My taxes and rates then have to fund more roads and PT, the surrounding bushland of Canberra is forced to be eroded by more and more suburbs, and way too much of my time and everyone elses is spent travelling from place to place.

All so a bunch of selfish NIMBYs can keep land that isn’t theirs being developed for the benefit of the other 95 per cent of the population?

Just another example on here of the politics on envy. Like may of the Yarralumla residents no doubt did to afford to buy there, maybe work harder, do better. I dont begrudge them living there or defending the suburb/lifestyle/environment they have.

Alternatively, vote in a soviet/socialist style Govt here and maybe all Yarralumla residences could be requisitioned by the State and reallocated.

You completely missed my point.

Where I ‘want’ to live is really irrelevant to the story, what matters is people opposing the development of something that isn’t theirs (vacant public land) is actually imposing significant costs on everyone except themselves.

It’s not about ‘envy’. Envy would be wanting to take something that is theirs. The land around the brickworks, LBG and it’s parklands are not owned by the residents of Yarralumla, they are owned by all Canberrans. By denying access to those public assets the residents are actually appropriating property that bis not their own for their own benefit.

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14
KentFitch 11:41 am
29 Sep 16
#

bringontheevidence said :

To be honest yes, I am annoyed that I don’t even have the option of buying a nice townhouse or 3brm apartment in a place like Yarralumla. So instead of having a great place available to raise children that’s close to work, close to the lake and close to the city I have to settle for something further out that costs me more to travel and is nowhere near the lake and its extensive (taxpayer funded) parklands.

My taxes and rates then have to fund more roads and PT, the surrounding bushland of Canberra is forced to be eroded by more and more suburbs, and way too much of my time and everyone elses is spent travelling from place to place.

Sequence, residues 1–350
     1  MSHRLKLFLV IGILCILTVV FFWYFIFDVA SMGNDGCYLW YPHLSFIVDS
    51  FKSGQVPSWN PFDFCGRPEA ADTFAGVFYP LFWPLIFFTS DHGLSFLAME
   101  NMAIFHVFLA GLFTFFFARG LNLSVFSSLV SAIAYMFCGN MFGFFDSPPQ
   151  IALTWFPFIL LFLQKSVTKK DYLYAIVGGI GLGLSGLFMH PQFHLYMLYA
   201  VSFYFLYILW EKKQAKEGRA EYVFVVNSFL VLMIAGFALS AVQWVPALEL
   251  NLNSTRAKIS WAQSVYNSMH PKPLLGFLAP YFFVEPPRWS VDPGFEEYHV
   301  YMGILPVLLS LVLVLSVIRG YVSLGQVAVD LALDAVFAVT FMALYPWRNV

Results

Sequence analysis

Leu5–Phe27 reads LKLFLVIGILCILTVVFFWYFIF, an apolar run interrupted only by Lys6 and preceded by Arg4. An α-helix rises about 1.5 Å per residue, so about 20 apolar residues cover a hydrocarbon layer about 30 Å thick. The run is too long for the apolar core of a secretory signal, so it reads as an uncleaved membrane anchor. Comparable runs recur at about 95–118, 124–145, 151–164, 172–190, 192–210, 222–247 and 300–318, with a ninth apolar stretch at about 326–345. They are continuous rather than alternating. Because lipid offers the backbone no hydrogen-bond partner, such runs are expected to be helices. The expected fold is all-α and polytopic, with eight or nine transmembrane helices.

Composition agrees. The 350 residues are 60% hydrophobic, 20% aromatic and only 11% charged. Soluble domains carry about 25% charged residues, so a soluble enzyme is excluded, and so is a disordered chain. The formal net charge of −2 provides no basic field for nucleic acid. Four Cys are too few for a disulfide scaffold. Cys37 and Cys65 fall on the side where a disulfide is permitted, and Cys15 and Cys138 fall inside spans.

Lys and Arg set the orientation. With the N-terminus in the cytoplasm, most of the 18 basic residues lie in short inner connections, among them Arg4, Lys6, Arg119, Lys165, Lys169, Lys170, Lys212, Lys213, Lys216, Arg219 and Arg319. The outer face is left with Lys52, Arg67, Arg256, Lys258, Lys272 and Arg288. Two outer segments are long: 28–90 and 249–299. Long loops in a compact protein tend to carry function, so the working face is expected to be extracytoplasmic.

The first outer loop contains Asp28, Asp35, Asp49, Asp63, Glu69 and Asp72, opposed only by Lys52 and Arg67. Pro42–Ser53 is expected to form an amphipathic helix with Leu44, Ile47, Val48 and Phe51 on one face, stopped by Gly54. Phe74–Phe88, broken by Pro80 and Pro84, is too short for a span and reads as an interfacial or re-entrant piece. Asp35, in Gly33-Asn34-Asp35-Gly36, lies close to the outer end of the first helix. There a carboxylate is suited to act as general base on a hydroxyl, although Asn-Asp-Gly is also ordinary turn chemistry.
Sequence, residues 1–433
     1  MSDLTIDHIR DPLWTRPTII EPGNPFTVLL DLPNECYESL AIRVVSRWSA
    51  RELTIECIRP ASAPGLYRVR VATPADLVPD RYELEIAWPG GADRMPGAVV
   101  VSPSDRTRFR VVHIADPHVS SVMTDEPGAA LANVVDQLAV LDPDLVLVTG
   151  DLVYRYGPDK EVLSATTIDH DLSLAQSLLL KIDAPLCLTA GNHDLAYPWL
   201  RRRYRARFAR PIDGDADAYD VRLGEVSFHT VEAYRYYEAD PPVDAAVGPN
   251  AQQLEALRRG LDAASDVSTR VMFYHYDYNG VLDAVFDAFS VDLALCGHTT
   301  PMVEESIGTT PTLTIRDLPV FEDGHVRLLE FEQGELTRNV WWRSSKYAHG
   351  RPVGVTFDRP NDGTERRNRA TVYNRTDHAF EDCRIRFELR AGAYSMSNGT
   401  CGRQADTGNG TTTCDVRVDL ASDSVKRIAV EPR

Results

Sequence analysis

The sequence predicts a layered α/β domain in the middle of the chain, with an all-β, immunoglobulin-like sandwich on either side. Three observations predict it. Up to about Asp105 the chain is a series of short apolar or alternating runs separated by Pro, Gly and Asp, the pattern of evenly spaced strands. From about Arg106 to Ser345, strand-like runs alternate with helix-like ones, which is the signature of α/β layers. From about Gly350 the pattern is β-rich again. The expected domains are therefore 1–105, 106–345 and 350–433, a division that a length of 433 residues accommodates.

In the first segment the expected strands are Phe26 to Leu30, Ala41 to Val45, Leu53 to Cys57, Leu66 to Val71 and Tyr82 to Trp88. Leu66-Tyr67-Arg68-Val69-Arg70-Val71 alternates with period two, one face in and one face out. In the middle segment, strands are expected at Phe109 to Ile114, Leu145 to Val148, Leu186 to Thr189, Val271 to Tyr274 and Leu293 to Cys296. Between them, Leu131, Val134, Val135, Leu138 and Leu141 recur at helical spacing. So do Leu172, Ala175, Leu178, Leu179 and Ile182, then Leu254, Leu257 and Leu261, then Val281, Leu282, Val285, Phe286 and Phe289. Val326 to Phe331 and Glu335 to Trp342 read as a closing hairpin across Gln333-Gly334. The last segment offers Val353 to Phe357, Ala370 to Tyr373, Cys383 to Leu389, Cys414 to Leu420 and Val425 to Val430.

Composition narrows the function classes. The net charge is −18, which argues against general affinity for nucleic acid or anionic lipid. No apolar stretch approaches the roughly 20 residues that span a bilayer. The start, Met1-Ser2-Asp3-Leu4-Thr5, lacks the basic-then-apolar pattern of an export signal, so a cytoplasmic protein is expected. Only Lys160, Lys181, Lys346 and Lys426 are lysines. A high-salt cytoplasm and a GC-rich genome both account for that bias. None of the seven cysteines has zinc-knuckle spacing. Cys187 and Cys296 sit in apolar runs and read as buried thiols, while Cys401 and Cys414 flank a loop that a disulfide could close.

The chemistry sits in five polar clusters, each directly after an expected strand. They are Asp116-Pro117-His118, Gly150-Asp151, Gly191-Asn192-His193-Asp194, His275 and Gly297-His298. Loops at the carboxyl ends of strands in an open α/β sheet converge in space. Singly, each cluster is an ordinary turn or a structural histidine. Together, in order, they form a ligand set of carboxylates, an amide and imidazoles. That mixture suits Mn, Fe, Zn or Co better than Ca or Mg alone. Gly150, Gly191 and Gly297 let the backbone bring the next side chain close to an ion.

All so a bunch of selfish NIMBYs can keep land that isn’t theirs being developed for the benefit of the other 95 per cent of the population?

Who wouldnt want to live in Yarralumla! I would too. Maybe we should encourage 20 storey blocks there to get more people sharing the benefits?

So, bringontheevidence, I’m wondering, say when the Brickworks are redeveloped, leaving plenty of green space for your kids to play in (curse those NIMBYs for not building the place out..), and you took the big gulp and signed up for the mortgage on your $2m 3 bed townhouse, and life was sweet as…

Next year, some property developers said to their LDA buddies “that park opposite those townhouses – bit excessive, dont you reckon, mate? Hardly ever used when we drive past. Bit on an eyesore, actually – gone a bit feral – people are worried about groups of teenagers hanging about there. And underutilised, dont you think? Look, we got this crack architect to give us some ideas – he did a lot of the Foreshore icons – here’s a plan for real value capture – nice compact 10 storey development of 80 eco-units, some of them are two bedrooms, but we dont think they need windows in that 2nd bedroom – lets us keep the facade clean. ‘Yarralumla EcoSkyTower’ we’re calling it. And we’re putting in some vibrant swinging hot-spots on the ground floor – finally you’ll be able to get a decent cappachino in Yarralumla – you guys will clean up – there’s an extra $300K annually in rates just there, and we’ll slip you $10m for the land – happy days!”

I guess you’d be responding to the DA, saying “80 units! Come-on, build 20 stories and make it worthwhile!”

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15
KentFitch 12:02 pm
29 Sep 16
#

bringontheevidence said :

You completely missed my point.

Where I ‘want’ to live is really irrelevant to the story, what matters is people opposing the development of something that isn’t theirs (vacant public land) is actually imposing significant costs on everyone except themselves.

It’s not about ‘envy’. Envy would be wanting to take something that is theirs. The land around the brickworks, LBG and it’s parklands are not owned by the residents of Yarralumla, they are owned by all Canberrans. By denying access to those public assets the residents are actually appropriating property that bis not their own for their own benefit.

Back in the 1970’s the first “Green Ban” was put in place to prevent the clearing of Kelly’s Bush, the last undeveloped part of Hunter’s Hill (goddam “vacant public land”, practically Terra bloody Nullius). The local NIMBYs asked the BLF and Jack Mundey for help, and a movement began which I think most people are now grateful for. Sir Robert Askin was not amused. His mates felt let-down.

http://trove.nla.gov.au/newspaper/article/230397532
http://trove.nla.gov.au/newspaper/article/230399422
http://trove.nla.gov.au/newspaper/article/110758730
http://trove.nla.gov.au/newspaper/article/116343501

Take a step back and think about different ways of maximising quality of life and minimising environmental harm which don’t fit into current ideological lines. You don’t have to destroy the environment to save it. “First, do no harm.”